Science Questions

Do submariners ears pop?

Sun, 14th Mar 2010

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Question

Andrea Lewis, Tasmania asked:

Do submariners ears pop?

Answer

Helen -  No their ears probably don't pop because in fact, unlike a scuba diver who takes down a tank of air and breathes it at pressure that is equal to the water around them—which becomes very high very quickly as you go down—submarines are pressurised so that inside them they maintain the same pressure as air at the sea surface (1 atmosphere or atm: the unit we use to measure pressure).  Whereas when you're scuba diving, you could be breathing air at something more like 20 atmospheres, which is much more dense.  It’s that pressure that makes your ears pop and you haven’t got that in submarines.  You may get a bit of compression as you're going down in a submarine as some of that pressure from the water is pushing in on the metal structure and the air inside.  But I think that’s fairly minor, I imagine. 
They build submarines fairly tough so that they can withstand all this pressure without collapsing inwards.  So no, submariners don't have popping ears and interestingly and importantly, it means that if you have an accident, deep down and you have to escape from a submarine, you won't get the bends because you haven’t been breathing air at pressure.  You haven’t filled up your system with nitrogen which will then bubble out of your blood if you're scuba diving and you come up too quickly.  Same thing doesn’t happen in the submariners.  Submariners are trained to be able to hold their breath for long enough to swim a long, long way up from the bottom of the seabed to the surface and survive if there’s a problem down below.

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Andrea Lewis asked the Naked Scientists: Greetings from the other side of the world! Love the podcast - completely addicted! My question is when you go up in a plane your ears pop due to changes in pressure, does the same thing happen when you go down in a submarine? Many thanks Andrea Hobart, Tasmania Australia What do you think? Andrea Lewis , Thu, 14th Jan 2010

The pressure inside an aircraft is not held constant. While it is pressurised to some extent, it does decrease with altitude. This saves fuel and increases the service life of the aircraft, and it's why we experience effects on our ears and sinuses.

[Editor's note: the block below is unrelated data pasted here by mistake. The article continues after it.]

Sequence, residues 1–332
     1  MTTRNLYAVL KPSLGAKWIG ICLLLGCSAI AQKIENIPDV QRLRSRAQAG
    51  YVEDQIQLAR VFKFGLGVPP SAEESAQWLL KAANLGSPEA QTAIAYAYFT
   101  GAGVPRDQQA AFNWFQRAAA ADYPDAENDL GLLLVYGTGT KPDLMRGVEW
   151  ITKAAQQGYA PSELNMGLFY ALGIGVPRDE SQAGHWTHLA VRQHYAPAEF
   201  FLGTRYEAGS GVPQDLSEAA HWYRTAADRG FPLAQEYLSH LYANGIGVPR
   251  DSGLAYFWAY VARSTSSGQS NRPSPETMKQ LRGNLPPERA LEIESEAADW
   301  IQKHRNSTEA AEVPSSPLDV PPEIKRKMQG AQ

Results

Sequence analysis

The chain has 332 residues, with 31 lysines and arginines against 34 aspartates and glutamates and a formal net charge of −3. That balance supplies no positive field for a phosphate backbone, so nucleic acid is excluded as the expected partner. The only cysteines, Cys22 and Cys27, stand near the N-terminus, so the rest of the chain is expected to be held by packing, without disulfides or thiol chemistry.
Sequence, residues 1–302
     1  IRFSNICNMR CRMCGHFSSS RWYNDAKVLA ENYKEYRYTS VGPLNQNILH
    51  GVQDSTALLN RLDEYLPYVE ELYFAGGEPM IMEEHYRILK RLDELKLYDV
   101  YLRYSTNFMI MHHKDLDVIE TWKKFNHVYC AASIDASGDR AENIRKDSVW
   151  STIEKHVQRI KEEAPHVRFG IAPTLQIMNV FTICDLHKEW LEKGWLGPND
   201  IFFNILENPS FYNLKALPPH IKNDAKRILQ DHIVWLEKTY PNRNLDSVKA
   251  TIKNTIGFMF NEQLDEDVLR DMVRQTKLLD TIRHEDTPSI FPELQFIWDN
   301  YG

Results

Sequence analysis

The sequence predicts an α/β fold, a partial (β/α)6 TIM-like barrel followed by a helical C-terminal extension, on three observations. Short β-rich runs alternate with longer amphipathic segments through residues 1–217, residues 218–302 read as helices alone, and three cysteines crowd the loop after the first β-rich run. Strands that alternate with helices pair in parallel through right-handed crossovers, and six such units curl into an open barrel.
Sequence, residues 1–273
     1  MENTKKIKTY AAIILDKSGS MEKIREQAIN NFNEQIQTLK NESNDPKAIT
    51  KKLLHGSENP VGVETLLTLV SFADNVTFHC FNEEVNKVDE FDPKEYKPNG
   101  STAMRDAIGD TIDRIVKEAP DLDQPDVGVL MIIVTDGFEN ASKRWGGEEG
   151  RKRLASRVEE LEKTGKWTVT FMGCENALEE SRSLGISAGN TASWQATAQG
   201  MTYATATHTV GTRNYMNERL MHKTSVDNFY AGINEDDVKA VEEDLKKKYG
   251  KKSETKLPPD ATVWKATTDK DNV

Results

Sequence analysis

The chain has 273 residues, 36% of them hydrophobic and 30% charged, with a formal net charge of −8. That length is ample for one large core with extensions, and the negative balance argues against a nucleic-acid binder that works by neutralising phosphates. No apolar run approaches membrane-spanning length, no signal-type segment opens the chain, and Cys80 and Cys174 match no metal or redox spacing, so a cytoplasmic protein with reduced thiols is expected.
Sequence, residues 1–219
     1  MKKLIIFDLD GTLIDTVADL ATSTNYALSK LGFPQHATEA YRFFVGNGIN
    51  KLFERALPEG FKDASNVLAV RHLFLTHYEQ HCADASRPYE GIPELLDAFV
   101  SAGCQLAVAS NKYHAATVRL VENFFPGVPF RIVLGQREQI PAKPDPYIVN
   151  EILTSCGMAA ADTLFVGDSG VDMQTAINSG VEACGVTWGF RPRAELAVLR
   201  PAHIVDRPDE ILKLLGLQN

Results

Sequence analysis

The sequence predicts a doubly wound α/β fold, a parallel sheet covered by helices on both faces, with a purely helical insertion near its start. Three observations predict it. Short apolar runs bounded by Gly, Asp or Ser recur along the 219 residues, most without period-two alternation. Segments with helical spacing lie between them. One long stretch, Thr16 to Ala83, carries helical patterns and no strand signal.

However, it seems unlikely that the pressure inside a submarine could be increased very much to help reduce the pressure difference between the inside and the outside of the hull. Because water is so dense (compared to air), during a dive, the rate of change of the internal pressure would be very great if it was to have any benefit to the structure of the submarine. Such a rate of change would not only be very uncomfortable for the crew, it would be very dangerous as it could induce "the bends" when the submarine climbed towards the surface.

In submarines, the air is probably maintained at close to sea level atmospheric pressure, in which case, as submarines change depth the submariners will not experience the same effects we experience in aeroplanes. I think!

Geezer, Thu, 14th Jan 2010



That sounds like a practical joke to me: someone replaces the taut string with a longer one when the victim isn't looking.
A chest height string drooping to touch the floor would represent ~10% change in width, I doubt there would even be a 1% change in dimensions at depth. RD, Thu, 14th Jan 2010



That sounds like a practical joke to me: someone replaces the taut string with a longer one when the victim isn't looking.
A chest height string drooping to touch the floor would represent ~10% change in width, I doubt there would even be a 1% change in dimensions at depth.


I think the string was made of "nautical yarn" Geezer, Thu, 14th Jan 2010

No - it is true-  my nephew is a submariner. And when he comes back from from sea duty he has problems with his ears - but not while at sea. JimBob, Thu, 14th Jan 2010

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